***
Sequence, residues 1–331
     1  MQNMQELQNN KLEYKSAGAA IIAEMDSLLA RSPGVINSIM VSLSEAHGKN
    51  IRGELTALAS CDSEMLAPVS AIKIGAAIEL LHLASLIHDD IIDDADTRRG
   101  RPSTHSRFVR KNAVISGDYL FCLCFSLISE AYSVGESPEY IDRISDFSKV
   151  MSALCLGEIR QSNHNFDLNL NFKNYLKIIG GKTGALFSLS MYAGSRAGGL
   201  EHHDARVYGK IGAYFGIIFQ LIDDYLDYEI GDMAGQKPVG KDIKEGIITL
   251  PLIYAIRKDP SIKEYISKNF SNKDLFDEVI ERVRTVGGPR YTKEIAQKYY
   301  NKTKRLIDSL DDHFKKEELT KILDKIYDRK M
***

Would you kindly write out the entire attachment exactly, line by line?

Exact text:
Sequence, residues 1–331
     1  MQNMQELQNN KLEYKSAGAA IIAEMDSLLA RSPGVINSIM VSLSEAHGKN
    51  IRGELTALAS CDSEMLAPVS AIKIGAAIEL LHLASLIHDD IIDDADTRRG
   101  RPSTHSRFVR KNAVISGDYL FCLCFSLISE AYSVGESPEY IDRISDFSKV
   151  MSALCLGEIR QSNHNFDLNL NFKNYLKIIG GKTGALFSLS MYAGSRAGGL
   201  EHHDARVYGK IGAYFGIIFQ LIDDYLDYEI GDMAGQKPVG KDIKEGIITL
   251  PLIYAIRKDP SIKEYISKNF SNKDLFDEVI ERVRTVGGPR YTKEIAQKYY
   301  NKTKRLIDSL DDHFKKEELT KILDKIYDRK M